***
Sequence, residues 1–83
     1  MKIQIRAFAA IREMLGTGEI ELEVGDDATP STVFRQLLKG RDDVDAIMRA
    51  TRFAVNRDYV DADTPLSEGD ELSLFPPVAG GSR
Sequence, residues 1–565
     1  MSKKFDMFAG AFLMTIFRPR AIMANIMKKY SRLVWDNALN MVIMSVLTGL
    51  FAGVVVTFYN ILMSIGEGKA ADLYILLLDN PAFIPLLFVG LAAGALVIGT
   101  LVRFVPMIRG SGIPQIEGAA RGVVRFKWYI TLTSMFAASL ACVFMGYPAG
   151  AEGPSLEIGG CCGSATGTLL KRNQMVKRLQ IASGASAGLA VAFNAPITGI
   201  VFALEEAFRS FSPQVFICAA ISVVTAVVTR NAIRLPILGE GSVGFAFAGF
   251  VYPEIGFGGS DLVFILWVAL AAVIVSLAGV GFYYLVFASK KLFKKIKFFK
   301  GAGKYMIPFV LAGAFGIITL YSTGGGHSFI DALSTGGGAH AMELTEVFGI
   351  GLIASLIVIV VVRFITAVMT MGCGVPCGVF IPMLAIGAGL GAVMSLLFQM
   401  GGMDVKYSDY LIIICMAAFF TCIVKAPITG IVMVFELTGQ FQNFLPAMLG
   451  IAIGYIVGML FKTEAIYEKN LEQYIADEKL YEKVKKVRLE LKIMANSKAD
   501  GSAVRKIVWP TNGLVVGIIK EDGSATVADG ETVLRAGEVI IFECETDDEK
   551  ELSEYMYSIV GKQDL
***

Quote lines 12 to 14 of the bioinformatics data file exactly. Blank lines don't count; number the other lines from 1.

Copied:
   351  GLIASLIVIV VVRFITAVMT MGCGVPCGVF IPMLAIGAGL GAVMSLLFQM
   401  GGMDVKYSDY LIIICMAAFF TCIVKAPITG IVMVFELTGQ FQNFLPAMLG
   451  IAIGYIVGML FKTEAIYEKN LEQYIADEKL YEKVKKVRLE LKIMANSKAD